The ACC is Bringing in the Cash from the NCAA Tournament

Posted on Mar 23 2015 - 11:08am by Ethan Moore


In today’s college climate, it’s all about the money.  For the ACC, having five of the Sweet 16 teams still in the big dance equals quite a hefty payday for the league.

The NCAA pays conferences for the performances of their teams in a tournament over a six-year time period beginning in the following year. Teams earn a unit per game played with the exception of the championship game, which is not included.

Next year’s units are worth $260,525 each and will increase in value over the next five years they are collected through 2021. That means each game played in this year’s tournament is worth at least $1.56 million.

The five ACC teams in the Sweet 16 have already played in 12 games for 12 units. They’re guaranteed another six for playing their Sweet 16 games, adding in the fact that Louisville playing NC State means that one has to win and get a unit for an Elite Eight game.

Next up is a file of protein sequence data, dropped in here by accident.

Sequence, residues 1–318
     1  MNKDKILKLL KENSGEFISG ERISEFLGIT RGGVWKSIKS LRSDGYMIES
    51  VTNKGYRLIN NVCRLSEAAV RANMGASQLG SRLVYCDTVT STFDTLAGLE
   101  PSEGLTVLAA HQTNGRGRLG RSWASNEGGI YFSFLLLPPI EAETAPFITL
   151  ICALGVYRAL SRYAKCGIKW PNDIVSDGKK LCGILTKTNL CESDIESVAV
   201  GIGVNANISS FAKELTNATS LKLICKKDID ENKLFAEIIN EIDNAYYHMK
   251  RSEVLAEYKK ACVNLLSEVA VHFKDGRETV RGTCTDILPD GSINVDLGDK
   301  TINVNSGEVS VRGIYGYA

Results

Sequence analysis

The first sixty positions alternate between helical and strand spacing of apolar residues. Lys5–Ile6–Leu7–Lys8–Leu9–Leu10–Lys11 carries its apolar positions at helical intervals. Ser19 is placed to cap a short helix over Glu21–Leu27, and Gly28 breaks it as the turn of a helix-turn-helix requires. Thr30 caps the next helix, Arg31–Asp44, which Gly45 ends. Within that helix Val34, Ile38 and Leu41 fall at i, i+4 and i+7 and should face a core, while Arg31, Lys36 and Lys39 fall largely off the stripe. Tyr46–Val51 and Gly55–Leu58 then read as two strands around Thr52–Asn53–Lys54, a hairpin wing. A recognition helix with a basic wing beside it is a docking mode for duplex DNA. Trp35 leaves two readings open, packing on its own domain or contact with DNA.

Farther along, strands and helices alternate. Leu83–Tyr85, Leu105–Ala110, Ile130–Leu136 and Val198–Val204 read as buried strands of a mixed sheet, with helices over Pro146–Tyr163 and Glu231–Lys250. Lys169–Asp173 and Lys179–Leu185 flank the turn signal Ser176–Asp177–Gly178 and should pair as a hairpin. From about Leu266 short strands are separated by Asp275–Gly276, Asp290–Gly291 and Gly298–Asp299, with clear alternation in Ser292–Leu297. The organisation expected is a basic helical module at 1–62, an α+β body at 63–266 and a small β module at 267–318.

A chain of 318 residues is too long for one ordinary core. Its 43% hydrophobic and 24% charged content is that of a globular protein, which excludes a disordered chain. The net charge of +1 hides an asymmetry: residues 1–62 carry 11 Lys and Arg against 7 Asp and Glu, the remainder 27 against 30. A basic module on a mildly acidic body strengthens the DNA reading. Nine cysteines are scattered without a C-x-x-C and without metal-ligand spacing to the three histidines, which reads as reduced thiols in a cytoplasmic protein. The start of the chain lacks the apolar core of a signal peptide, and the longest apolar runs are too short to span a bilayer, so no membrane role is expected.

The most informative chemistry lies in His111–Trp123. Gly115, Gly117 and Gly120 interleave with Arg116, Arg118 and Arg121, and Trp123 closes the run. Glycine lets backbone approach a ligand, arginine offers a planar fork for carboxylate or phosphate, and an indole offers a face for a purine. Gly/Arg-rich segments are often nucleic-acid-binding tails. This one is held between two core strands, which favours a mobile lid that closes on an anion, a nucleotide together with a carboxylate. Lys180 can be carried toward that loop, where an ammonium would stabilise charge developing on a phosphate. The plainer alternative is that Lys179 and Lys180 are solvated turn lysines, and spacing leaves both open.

The old Big East earned the most units in a single tournament in 2009 when it finished with 24 total units. That year, five of its teams played in the Sweet 16, four advanced to the Elite Eight and two to the Final Four.

The ACC, which splits its units equally among conference members, has a chance to reach 26 units in this tournament based on how the bracket breaks down. That would not only result in the ACC being the first conference to earn more than $30 million off one tournament, it will also surpass $40 million.

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